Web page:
Date(s) - 10/14/2019
3:00 pm - 4:00 pm
Developing chronically reliable implantable device is an enormous challenge in biomedical engineering with significant economic and clinical implications. Soon after implantation, many devices often suffer from substantial performance degradation and premature failures due to various abiotic and biotic failure modes. Enabling technologies that improve the lifetime and reliability of these implantable devices can have an enormous impact on many debilitating chronic diseases that are difficult to diagnose and treat. In this presentation, I will discuss our latest efforts to utilize nano and microscale transducers to fabricate more reliable and smart implants and biosensors. As examples, I will share our latest efforts to develop a more reliable neurostimulation microelectrodes, self-clearing implantable shunts for intraventricular hemorrhage, and glutamate biosensors to enable neurogeneration research.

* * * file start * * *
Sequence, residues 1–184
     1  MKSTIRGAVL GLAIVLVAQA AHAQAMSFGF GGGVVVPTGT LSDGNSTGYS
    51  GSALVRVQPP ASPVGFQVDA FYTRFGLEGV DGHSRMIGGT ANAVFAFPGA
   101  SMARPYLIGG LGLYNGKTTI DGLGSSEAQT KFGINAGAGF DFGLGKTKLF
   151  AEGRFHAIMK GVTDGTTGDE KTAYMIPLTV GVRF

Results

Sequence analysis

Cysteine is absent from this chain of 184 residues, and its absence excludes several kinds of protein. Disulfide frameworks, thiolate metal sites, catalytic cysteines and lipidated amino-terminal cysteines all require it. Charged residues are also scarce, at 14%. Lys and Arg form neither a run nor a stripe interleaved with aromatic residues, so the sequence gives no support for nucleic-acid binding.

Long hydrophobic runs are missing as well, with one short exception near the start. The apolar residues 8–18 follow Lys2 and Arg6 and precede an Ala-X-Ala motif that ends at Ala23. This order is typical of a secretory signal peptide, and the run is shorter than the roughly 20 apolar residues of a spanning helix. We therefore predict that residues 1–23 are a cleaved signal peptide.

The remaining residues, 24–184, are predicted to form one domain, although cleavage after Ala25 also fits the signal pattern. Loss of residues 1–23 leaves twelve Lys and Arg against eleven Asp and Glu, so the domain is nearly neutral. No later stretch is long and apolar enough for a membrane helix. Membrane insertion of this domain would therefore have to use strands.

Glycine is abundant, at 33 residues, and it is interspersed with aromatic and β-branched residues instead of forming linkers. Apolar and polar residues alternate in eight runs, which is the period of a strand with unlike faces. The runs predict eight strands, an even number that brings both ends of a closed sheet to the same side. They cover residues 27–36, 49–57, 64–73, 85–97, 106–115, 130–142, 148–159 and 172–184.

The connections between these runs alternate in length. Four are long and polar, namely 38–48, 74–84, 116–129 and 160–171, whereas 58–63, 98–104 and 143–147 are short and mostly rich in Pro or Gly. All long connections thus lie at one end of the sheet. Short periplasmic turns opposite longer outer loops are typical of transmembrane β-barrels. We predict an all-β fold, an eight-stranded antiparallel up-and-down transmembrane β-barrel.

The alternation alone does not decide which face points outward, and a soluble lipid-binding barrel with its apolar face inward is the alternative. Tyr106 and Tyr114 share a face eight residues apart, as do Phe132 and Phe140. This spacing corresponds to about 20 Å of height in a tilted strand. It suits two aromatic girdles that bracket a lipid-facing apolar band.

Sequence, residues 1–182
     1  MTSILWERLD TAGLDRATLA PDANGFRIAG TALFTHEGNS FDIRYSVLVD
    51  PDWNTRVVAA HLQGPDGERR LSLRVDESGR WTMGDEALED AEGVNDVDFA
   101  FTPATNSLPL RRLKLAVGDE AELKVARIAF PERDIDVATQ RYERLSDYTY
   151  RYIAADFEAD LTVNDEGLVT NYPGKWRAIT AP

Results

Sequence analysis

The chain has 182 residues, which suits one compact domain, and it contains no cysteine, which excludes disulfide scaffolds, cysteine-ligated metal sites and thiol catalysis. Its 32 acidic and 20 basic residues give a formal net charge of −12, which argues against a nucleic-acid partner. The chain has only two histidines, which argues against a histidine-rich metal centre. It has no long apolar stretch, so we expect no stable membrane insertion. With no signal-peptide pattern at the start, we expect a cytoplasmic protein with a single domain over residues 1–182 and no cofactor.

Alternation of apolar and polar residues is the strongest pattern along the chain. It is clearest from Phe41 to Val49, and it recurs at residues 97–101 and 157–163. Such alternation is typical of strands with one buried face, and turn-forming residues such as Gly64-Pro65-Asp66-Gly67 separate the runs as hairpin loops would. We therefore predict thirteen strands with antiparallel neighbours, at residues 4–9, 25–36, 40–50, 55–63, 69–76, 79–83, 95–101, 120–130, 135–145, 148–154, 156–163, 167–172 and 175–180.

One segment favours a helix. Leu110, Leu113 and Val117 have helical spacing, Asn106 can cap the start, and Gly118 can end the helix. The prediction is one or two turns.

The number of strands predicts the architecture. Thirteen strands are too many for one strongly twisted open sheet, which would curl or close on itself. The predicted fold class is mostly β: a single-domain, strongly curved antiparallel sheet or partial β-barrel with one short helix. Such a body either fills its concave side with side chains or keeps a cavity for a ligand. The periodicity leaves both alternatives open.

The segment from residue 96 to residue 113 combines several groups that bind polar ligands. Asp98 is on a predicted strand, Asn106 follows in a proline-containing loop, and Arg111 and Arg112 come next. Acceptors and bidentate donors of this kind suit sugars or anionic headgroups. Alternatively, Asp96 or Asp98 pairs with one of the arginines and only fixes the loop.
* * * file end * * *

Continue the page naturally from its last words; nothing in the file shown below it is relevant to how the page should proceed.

Hyowon “Hugh” Lee received his B.A. in neuroscience from Colorado College in 2004 and his M.S. and Ph.D. degrees in biomedical engineering from University of California, Los Angeles, in 2008 and 2011, respectively. Before joining Purdue, he worked as a senior engineer for St. Jude Medical’s Implantable Electronics Systems Division where he worked on manufacturing challenges associated with implantable electronic devices such as pacemakers, implantable cardioverter defibrillators, deep brain stimulators, and spinal cord stimulators. At UCLA, he trained in the areas of neuroengineering and microfabrication under Jack Judy. His current research interests centers around improving the reliability and functionality of implantable sensors and actuators. He is a co-founder of Rescue Biomedical, LLC. that focuses on closed-loop solution for automatic naloxone delivery for opioid overdose. His lab is currently supported by NIH, NSF, Indiana Clinical and Translational Science Institute, Samsung, and Eli Lilly.